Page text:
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English needs to be like Chips and Salsa in Texas

27 Oct

Photo Courtesy of ithemesbuilder.com

By: Cristian Sandoval

This being my first blog for Yes al Inglés, I wanted to make sure to share the reason why we started the program and why the organization is so committed to the English language.

A year ago MATT’s Executive Director approached me with the idea of creating an online English language program to help developing economies attract foreign investment.  The idea of teaching English intrigued me, and the challenge of developing a comprehensive program to teach English online was really exiting.

In 1985 UNESCO wrote a report in regards to why Mexico was failing to educate its elementary school children. It was failing for the same reason you don’t see many Mexican restaurants in Western Europe…the system lacked the appropriate infrastructure to supply the students with the right tools. Try to find black beans and jalapeno peppers in the Czech republic.

Yes al Inglés came to solve a lot of infrastructure challenges for teaching English. By being online it reduces the dependency on classrooms, it’s easy to follow, makes it easy for students to learn without the need for a teacher, and we tried to make it entertaining and fun for the students. Best of all, the low cost makes it accessible to everyone… like chips and salsa in Texas!

There is a lot to do and we have many opportunities. Let this be the start of our journey to teach English to developing economies.

Additional Links:

http://unesdoc.unesco.org/images/0013/001363/136342so.pdf

Mexicans Find Reasons to Stay in Mexico

11 Jul

Believe it or not, Mexican migration al Norte has been reduced to a trickle of its former self and U.S. businesses are begging to stay in Mexico’s border region. Why? Education and increasing job options in Mexico are dulling the allure of an increasingly treacherous trek northward. The Mexican economy is prospering significantly faster than the United States. In less than a week, the New York Times has published two similar articles about Mexico. The common denominator in each? Mexico’s socio-economic prosperity despite violence. The article, “Better Lives for Mexicans Cut Allure of Going North“, provides insight:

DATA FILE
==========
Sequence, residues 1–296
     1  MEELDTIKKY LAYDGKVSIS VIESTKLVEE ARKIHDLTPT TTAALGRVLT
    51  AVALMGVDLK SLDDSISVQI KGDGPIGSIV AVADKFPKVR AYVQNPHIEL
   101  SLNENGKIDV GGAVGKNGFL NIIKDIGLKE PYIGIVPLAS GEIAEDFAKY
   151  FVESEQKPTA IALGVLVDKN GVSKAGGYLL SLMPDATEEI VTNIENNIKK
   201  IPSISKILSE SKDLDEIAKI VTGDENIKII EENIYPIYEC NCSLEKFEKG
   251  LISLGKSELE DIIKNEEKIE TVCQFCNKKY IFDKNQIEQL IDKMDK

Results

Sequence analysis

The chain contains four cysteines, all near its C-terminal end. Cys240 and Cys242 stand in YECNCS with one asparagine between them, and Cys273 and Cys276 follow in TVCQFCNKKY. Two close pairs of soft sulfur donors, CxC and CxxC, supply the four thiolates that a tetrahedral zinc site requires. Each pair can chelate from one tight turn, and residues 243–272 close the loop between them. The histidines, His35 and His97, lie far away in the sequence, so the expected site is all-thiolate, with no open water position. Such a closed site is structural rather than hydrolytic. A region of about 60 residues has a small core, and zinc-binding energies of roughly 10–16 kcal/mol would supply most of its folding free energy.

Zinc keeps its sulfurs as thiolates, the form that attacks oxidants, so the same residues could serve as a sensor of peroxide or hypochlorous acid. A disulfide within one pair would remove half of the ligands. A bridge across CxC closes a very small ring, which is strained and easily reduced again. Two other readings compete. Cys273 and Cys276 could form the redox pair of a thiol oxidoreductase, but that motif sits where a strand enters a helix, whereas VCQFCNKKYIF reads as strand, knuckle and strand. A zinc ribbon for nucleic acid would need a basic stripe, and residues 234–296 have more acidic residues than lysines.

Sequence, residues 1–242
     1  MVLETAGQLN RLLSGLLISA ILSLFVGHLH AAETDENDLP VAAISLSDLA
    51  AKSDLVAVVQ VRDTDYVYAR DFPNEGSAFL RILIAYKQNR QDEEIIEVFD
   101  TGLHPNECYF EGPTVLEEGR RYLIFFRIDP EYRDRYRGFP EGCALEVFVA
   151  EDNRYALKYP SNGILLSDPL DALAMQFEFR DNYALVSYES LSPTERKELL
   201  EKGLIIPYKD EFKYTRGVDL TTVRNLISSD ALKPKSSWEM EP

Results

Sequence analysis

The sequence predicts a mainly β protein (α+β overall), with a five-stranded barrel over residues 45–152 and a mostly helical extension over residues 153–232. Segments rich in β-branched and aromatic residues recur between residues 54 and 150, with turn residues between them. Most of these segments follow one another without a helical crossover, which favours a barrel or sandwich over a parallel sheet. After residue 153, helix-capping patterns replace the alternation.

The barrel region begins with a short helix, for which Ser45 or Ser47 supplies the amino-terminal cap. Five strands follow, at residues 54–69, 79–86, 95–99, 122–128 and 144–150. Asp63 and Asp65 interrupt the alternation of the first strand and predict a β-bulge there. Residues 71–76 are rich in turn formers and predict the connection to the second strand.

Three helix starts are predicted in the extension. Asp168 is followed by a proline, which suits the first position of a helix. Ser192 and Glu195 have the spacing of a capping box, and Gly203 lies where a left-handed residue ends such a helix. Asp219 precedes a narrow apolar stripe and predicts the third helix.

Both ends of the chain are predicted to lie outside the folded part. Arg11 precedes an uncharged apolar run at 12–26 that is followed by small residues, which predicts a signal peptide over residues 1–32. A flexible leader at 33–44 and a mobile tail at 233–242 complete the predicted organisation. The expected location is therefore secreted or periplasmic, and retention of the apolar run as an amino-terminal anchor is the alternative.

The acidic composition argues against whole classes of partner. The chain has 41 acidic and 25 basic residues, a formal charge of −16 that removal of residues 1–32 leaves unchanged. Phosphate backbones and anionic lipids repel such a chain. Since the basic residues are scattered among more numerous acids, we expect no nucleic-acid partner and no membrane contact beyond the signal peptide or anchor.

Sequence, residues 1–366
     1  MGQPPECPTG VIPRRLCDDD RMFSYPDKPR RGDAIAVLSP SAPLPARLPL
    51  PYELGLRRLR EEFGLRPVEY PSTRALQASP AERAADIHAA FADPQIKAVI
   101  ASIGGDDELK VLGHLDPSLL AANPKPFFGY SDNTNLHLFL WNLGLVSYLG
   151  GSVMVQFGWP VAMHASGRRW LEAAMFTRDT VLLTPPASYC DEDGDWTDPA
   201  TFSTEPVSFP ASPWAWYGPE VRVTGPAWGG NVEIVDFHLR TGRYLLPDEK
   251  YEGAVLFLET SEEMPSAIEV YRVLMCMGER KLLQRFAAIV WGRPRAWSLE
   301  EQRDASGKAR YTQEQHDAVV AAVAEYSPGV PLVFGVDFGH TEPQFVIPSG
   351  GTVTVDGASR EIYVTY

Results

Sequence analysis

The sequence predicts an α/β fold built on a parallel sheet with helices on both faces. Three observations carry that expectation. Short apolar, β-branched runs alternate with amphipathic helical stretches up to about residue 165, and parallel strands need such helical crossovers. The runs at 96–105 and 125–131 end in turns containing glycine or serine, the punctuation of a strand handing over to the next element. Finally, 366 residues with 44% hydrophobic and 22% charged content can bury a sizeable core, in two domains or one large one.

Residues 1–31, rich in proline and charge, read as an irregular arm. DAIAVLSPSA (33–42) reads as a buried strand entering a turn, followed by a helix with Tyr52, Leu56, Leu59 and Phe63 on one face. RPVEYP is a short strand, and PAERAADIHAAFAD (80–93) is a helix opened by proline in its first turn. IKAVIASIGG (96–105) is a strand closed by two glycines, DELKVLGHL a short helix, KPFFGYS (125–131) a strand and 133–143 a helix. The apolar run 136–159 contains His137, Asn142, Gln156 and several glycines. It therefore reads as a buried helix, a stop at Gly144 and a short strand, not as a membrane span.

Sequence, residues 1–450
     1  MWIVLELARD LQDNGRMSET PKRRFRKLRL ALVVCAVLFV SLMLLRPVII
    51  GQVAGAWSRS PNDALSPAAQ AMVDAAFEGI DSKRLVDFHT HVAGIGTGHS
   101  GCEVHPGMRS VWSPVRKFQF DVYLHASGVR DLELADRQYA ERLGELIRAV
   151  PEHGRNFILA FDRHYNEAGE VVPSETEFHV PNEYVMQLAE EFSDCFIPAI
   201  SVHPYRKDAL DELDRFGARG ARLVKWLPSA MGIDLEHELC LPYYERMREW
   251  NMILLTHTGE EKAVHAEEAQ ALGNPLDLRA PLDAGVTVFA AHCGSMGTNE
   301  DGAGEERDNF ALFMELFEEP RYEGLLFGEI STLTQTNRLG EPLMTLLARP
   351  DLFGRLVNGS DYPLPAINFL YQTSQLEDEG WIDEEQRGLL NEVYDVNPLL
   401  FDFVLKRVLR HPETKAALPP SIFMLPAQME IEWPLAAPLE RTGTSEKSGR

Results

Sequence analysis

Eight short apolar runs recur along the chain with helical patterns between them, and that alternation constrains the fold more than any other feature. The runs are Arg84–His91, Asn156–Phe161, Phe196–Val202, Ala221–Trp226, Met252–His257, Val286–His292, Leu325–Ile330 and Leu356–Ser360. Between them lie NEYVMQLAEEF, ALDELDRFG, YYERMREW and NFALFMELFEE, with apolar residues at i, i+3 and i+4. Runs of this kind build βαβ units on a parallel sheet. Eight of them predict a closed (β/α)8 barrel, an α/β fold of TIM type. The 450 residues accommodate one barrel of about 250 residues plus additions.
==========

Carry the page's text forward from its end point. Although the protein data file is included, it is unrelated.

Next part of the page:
Courtesy of iStockphoto

 

A growing body of evidence suggests that a mix of developments — expanding economic and educational opportunities, rising border crime and shrinking families — are suppressing illegal traffic as much as economic slowdowns or immigrant crackdowns in the United States…But Mexican immigration has always been defined by both the push (from Mexico) and the pull (of the United States). The decision to leave home involves a comparison, a wrenching cost-benefit analysis, and just as a Mexican baby boom and economic crises kicked off the emigration waves in the 1980s and ’90s, research now shows that the easing of demographic and economic pressures is helping keep departures in check.

An article titled, “Despite Violence, U.S. Firms Expand in Mexico“, explains:

When the latest bloody headlines from the drug war in Mexico reach headquarters in New York, Ken Chandler, the manager of an American electronics manufacturing plant here, jumps on the phone… He is not begging to come home. He is begging to stay… Despite the bleak outlook the drug war summons, the Mexican economy is humming along, not without warning signs, but growing considerably faster than that of the United States…The result is a boomlet in jobs in some of Mexico’s hardest-hit cities, a bright spot in an otherwise bleak stream of shootouts, departing small businesses and fear of random death.